A.2 VOIGT Notation

The VOIGT notation is used to exploit the symmetry of condensed matter to transform second-order tensors (cf. e.g. stress tensor) to vectors and kinetic forth-order tensors to square matrices (cf. e.g. elasticity tensor) [98]. This notation is often used in continuum mechanics.

A symmetric tensor, for instance the stress tensor $ {\tilde{{\mathbf{{\sigma}}}}^{\mathrm{mech}}}$ in three dimensions, can be written as

$\displaystyle {\tilde{{\mathbf{{\sigma}}}}^{\mathrm{mech}}}{=}\left[ \begin{arr...
...}}_{6}\end{array} \right) {=}{\widehat{{\mathbf{{\sigma}}}} ^ {\mathrm{mech}}}.$     (A.3)

If the shear components $ {\sigma^{\mathrm{mech}}}_{ij}, (i \neq j)$ , can be neglected, the VOIGT transform degenerates to the diagonal operator $ {{\mathop\mathrm{diag}}(\cdot)}$ . Hence, the later 3 components of the resulting six-dimensional vector vanish ( $ {\sigma^{\mathrm{mech}}}_{ij}=0, i \neq j$ ) and if only orthotropic materials are considered, the shear components always vanish and the six-dimensional vector can be written as a three-dimensional vector.

This simplification can be often applied if only tensile or compressive stress in the direction of one main axis of an orthotropic material is considered.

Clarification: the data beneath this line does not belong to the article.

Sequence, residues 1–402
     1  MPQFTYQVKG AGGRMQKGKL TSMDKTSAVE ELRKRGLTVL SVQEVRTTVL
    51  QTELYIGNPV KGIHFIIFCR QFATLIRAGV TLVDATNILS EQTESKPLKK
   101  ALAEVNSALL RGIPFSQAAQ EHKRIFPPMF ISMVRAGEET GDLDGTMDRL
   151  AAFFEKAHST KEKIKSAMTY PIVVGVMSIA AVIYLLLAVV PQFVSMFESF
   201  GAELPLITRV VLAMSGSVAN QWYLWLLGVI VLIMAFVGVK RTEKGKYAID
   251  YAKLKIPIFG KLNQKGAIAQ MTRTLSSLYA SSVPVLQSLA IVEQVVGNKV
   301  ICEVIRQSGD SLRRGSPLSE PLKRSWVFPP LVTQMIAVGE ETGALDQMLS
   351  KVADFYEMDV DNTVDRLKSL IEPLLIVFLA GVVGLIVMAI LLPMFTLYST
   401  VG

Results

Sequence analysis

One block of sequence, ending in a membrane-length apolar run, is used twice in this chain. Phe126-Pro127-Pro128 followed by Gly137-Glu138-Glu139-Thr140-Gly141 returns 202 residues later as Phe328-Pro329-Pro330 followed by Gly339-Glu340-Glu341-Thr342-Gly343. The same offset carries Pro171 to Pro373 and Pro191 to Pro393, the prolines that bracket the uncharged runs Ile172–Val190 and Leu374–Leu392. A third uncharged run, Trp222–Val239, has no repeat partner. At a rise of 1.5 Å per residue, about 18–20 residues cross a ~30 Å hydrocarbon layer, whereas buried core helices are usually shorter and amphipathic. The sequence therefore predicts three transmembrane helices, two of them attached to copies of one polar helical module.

For the strain tensor $ {\tilde{{\mathbf{{\varepsilon}}}}^{\mathrm{mech}}}$ the transformation is very similar. Due to historical conventions, the resulting VOIGT-transform of the strain tensor is the engineering strain $ {\mathbf{{e}}}^{\mathrm{mech}}$

$\displaystyle {\tilde{{\mathbf{{e}}}}^{\mathrm{mech}}}{=}$   $\displaystyle \left[ \begin{array}[c]{ccc}
{\tilde{e}^{\mathrm{mech}}}_{11} &{\...
...n^{\mathrm{mech}}}_{32} & {\varepsilon^{\mathrm{mech}}}_{33}\end{array} \right]$  
    $\displaystyle \quad\longrightarrow\quad \left( \begin{array}[c]{c}
...mech}}}_{6}\end{array} \right) {=}{{\widehat{{\mathbf{{e}}}}}^{\mathrm{mech}}},$ (A.4)

where $ {\tilde{e}^{\mathrm{mech}}}_{\mathrm{ij}}$ , are the components of the engineering strain and the shear strain components transform to the CAUCHY strain components as $ {\tilde{e}^{\mathrm{mech}}}_{\mathrm{ij}} {=}2 {\varepsilon^{\mathrm{mech}}}_{\mathrm{ij}}$ , where $ i \neq j$ .

Stefan Holzer 2007-11-19